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It’s been far from a one-man show, however. Toronto is a deep and well-balanced team, which has helped them survive countless injuries to key contributors, including Siakam. Once the playoffs roll around, though, they’ll ask for more from their best player. As the level of competition rises and the games become more crucial, teams generally tighten their rotation and lean on their go-to scorer, especially in crunch time.

Given the stage and the stakes, last Sunday’s All-Star Game was a good dress rehearsal. The results were mixed. As both teams raced to the target score of 157, Siakam drew a foul on Harden with his side down 154-152, splitting the free throws. With the opposition, Team LeBron, stuck on game point, Harden stripped Siakam at the rim, though you could argue he was fouled again (and both Nurse and Siakam have made that argument). Nurse, Siakam and Team Giannis would go on to lose the game, but it was a valuable experience for the 25-year-old first-time all-star.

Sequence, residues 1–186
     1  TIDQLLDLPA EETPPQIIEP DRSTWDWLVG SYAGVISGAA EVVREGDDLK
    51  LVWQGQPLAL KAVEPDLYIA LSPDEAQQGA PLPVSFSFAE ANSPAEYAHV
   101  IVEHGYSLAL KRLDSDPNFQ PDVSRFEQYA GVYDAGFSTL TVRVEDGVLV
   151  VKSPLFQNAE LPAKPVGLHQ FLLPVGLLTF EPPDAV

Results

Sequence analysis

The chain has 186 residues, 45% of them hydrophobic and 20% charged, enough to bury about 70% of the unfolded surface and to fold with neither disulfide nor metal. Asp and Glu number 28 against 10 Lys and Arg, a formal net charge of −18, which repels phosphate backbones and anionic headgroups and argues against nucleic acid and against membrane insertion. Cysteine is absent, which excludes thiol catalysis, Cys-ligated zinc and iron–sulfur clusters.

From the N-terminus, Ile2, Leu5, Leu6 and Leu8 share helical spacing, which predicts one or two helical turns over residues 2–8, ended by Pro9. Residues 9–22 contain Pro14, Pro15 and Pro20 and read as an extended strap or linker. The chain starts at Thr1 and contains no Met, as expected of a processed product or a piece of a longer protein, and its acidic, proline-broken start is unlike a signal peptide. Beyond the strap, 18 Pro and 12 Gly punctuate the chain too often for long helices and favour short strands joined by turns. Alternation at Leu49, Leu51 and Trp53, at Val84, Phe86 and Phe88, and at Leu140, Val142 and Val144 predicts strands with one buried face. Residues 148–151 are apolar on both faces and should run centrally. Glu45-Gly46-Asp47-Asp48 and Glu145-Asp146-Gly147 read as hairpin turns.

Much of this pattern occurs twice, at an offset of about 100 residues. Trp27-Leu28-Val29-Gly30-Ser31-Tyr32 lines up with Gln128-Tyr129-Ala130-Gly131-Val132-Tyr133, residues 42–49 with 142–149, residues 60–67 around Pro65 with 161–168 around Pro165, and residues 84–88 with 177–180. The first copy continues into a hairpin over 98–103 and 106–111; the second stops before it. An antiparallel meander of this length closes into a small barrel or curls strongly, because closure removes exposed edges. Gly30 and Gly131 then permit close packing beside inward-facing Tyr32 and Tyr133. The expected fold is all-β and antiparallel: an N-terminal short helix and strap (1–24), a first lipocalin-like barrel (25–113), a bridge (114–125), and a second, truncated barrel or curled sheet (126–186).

“It was cool,” Siakam said. “[I wish] I made a few more shots. I mean you could argue fouls and stuff. But it was so fun. It was so fun just seeing that at the end of the game, with all those players, and it was like OK, we’re choosing the matchup and we wanna go at it and I was a part of that. It was great. I wish I had made the shots a little bit but it was a pretty cool moment.”

“It was excellent,” said Nurse. “That’s the kind of situation we’re going to need Pascal to be able to score in. High leverage. High talent. Being guarded hard. Being switched on, doubled on, tripled. Sometimes in the block. And I thought he held his own well. I thought if he would’ve gotten a little better whistle he really would’ve played well. I thought he made a couple great moves and got fouled on two of them and had nothing to show for them. They were solid moves with good rhythm and timing — and against really good players.”